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Research Project: Applied Agricultural Genomics and Bioinformatics Research

Location: Genomics and Bioinformatics Research

Title: Detecting cotton leaf curl virus resistance quantitative trait Loci in Gossypium hirsutum and iCottonQTL a new R/Shiny app to streamline genetic mapping in cotton

item SCHOONMAKER, ASHLEY - North Carolina State University
item Hulse-Kemp, Amanda
item YOUNGBLOOD, RAMEY - Mississippi State University
item RAHMAT, MS ZAINAB - National Institute Of Biotechnology And Genetic Engineering (NIBGE)
item IQBAL, MUHAMMAD ATIF - University Of Sydney
item MEHBOOB-UR-, RAHMAN - National Institute Of Biotechnology And Genetic Engineering (NIBGE)
item KOCHAN, KELLI - Texas A&M University
item Scheffler, Brian
item Scheffler, Jodi

Submitted to: Plants
Publication Type: Peer Reviewed Journal
Publication Acceptance Date: 2/21/2023
Publication Date: 3/3/2023
Citation: Schoonmaker, A., Hulse-Kemp, A.M., Youngblood, R.C., Rahmat, M., Iqbal, M., Mehboob-Ur-, R., Kochan, K.J., Scheffler, B.E., Scheffler, J.A. 2023. Detecting cotton leaf curl virus resistance quantitative trait Loci in Gossypium hirsutum and iCottonQTL a new R/Shiny app to streamline genetic mapping in cotton. Plants.

Interpretive Summary: In the past two decades, the Middle East and parts of Asia have been affected by the devastation of the Cotton Leaf Curl Virus on cotton fields. If they survive, infected plants are severely stunted, never maturing enough to produce cotton fibers for harvest. The virus spreads from plant to plant through the saliva of a common pest, a whitefly. Given the whitefly is parasitic on plants other than cotton and the virus has already spread from its initial emergence into India and parts of eastern Asia, there is concern the disease will spread beyond the current affected regions. Currently, developing cotton plants inherently resistant to the disease involves sending each generation of seed to be grown in regions affected by the virus with limited ability to get seeds returned from those areas. In this project, we created populations from four crosses between resistant and susceptible plants. Assessing the genetic differences in a population of cotton plants that were derived from two parents that respond differently to the virus, one susceptible and one resistant, we used statistics and identified multiple regions of the genome associated with resistance to the virus. We developed a web application to streamline the analysis process and automatically generate specific software program input files for projects that will do similar genetic analyses in the future. Results showed there are different sources of resistance from each of the populations tested, meaning we may have multiple ways to provide resistance to new cotton plants. Overall this study provides many valuable details that will allow for more streamlined breeding of resistance into cotton in the future.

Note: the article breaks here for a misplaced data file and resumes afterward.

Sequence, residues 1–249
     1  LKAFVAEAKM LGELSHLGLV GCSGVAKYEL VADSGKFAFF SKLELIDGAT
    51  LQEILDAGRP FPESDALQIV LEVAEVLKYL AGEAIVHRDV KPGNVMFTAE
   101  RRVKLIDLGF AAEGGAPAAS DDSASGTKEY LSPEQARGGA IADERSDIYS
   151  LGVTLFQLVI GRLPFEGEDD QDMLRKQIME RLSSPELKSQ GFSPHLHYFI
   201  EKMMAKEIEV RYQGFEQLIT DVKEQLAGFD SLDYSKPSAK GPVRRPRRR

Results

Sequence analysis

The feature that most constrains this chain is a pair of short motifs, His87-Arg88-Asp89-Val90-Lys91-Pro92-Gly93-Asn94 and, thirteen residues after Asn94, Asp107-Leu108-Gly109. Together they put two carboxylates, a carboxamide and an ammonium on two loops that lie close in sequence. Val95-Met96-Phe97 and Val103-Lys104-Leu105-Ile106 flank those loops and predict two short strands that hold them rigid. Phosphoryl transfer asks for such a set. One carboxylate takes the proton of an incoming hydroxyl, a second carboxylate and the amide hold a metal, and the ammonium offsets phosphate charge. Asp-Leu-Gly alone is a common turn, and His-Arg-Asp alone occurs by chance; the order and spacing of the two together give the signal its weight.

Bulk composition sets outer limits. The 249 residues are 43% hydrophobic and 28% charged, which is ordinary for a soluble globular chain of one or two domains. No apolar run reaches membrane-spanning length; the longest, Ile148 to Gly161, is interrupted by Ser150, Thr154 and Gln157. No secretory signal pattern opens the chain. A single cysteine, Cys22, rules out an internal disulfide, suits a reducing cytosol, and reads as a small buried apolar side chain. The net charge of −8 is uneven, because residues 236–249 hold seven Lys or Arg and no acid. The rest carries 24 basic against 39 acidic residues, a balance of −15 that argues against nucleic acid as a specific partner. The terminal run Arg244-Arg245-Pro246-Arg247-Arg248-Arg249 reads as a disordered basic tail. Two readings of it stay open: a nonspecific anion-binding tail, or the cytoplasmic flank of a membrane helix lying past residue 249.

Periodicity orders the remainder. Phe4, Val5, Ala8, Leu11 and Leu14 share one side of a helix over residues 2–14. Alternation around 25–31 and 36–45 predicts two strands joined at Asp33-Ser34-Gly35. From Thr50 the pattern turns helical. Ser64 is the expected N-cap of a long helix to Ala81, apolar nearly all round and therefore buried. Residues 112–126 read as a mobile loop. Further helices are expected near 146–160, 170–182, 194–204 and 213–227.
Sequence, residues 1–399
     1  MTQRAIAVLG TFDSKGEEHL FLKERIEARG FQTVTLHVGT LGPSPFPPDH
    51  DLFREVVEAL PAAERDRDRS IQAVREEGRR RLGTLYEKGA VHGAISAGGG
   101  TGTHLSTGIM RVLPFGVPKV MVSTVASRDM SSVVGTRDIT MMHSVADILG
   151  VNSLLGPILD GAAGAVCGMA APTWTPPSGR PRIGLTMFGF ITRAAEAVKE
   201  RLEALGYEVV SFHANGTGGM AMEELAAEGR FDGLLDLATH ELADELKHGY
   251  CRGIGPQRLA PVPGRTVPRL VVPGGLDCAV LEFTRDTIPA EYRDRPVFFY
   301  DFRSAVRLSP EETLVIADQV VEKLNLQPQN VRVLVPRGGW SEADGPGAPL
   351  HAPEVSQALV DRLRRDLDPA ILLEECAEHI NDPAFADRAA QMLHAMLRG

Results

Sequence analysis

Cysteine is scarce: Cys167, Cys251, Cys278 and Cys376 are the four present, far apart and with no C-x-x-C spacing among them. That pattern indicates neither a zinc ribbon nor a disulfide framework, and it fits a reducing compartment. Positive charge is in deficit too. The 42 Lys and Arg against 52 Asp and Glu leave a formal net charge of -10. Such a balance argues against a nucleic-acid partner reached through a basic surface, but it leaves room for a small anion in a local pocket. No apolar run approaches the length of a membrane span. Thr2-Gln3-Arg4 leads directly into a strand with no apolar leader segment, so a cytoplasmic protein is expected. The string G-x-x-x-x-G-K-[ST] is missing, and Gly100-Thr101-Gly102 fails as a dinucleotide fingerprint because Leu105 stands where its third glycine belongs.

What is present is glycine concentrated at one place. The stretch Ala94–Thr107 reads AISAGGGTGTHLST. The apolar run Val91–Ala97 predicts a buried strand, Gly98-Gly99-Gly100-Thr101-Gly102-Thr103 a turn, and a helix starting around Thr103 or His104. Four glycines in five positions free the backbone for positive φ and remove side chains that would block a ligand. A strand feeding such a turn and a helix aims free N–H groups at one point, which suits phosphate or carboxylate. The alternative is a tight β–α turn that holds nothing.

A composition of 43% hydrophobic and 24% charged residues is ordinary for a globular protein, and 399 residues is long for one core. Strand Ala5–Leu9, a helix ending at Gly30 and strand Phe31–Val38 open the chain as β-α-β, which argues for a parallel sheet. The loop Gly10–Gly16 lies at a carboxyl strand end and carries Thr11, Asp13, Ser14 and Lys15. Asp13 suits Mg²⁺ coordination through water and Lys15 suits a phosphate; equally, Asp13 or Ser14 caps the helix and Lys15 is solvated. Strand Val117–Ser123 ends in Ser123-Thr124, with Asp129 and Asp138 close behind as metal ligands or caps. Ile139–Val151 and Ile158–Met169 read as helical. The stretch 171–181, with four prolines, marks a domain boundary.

Technical Abstract: Cotton Leaf Curl Virus (CLCuV), the causative agent for the Cotton Leaf Curl Disease (CLCuD), causes devastating losses to fiber production beginning in Multan, Pakistan in the 1980s. Then spread into neighboring countries, i.e. India and China. There is concern the virus will move into unaffected countries before resistant varieties can be bred. Current development of resistant lines depends on screening each generation against disease pressure in a region where the disease is endemic with limited ability to return materials. Identification of markers associated with resistance would allow for development of varieties without field screening every generation. In this project, we utilized quantitative trait loci (QTL) mapping in six populations to identify single nucleotide polymorphism (SNP) markers associated with the CLCuD resistance trait. A new R/Shiny App was developed to streamline genetic mapping using SNP arrays and to deposit genetic data into the CottonGen database. Results from the QTL mapping identified several different QTL for each cross, indicating possible multiple modes of resistance in the different resistant lines. KASP markers were developed and validated for a subset of QTL which can later be used in further development of lines.